There are still obstacles to the acceleration of research and innovation in Indonesia, because the push and initiative rely too much on the state. Breakthroughs are still lacking as to disseminate research results or stimulate research activities in the market and community. The history of scientific development and research activities in this country has inherited the tradition of the European enlightenment apostles working for the benefit of the colonial government.
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Under such a tradition, professional scientists / researchers gain legitimacy through the state. It is the government that determines and controls research activities. The government is also the main consumer of research results.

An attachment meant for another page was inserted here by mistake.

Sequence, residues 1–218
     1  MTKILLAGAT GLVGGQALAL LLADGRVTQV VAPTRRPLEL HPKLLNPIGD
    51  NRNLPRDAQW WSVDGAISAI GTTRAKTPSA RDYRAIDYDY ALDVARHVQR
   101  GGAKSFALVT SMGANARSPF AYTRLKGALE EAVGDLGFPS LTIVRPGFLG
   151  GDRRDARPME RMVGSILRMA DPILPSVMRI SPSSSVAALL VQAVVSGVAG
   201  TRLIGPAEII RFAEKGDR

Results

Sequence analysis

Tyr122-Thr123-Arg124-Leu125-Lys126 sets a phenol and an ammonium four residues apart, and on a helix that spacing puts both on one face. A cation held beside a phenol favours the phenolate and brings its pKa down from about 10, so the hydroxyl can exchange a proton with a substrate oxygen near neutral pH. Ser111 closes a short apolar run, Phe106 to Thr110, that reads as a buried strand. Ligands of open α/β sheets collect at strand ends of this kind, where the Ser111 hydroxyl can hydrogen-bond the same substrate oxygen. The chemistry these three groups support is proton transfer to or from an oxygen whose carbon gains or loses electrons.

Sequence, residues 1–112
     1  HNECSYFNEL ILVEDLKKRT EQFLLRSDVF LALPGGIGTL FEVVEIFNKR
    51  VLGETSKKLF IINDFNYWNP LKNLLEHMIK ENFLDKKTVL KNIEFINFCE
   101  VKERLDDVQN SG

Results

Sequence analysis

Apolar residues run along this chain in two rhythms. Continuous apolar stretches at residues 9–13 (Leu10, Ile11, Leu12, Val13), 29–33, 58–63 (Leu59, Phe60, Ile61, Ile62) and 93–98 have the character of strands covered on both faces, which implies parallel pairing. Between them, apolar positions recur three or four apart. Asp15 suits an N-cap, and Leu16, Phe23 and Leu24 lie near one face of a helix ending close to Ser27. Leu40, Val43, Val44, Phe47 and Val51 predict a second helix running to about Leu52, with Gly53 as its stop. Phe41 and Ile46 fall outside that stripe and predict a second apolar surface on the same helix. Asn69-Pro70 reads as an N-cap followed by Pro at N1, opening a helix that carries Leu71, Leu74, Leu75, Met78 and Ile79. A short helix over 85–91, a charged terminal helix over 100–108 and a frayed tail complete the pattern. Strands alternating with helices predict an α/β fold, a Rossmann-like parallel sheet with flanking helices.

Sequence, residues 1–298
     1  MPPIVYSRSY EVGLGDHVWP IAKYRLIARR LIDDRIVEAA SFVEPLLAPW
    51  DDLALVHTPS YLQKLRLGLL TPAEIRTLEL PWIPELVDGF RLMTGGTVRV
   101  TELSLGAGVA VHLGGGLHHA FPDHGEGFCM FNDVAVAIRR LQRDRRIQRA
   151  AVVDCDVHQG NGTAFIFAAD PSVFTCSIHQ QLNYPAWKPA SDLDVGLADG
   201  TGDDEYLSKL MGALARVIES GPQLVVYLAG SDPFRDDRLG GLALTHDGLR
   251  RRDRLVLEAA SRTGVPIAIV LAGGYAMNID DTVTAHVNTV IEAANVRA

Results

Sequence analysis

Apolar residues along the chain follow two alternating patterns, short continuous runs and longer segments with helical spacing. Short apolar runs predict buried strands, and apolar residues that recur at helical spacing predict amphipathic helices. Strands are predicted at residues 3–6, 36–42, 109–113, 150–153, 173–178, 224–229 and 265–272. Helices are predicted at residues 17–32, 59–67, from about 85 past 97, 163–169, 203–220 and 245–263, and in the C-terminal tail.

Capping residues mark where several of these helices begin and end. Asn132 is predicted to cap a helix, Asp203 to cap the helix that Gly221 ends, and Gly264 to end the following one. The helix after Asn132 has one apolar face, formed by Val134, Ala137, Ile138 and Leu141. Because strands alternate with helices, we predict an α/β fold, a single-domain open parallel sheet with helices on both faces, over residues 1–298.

As a consequence, whatever the research budget is, whatever body coordinates research institutions, and from whichever the rector is brought in, it will not be effective in encouraging technological innovation within the framework of the nation\'s prosperity program.
Whatever it may cost, innovative research must reach the market and community. It is not enough just to rely on the state (push factor), but necessarily follow the needs and interest (pull factor) of the community and the market.
Therefore, apart from bringing the relationship between government research institutes and higher education institutions closer to market needs, research and innovation activities must be seen as an organic part of the business world. For that to happen, the political regime of science and technology policy must be expanded.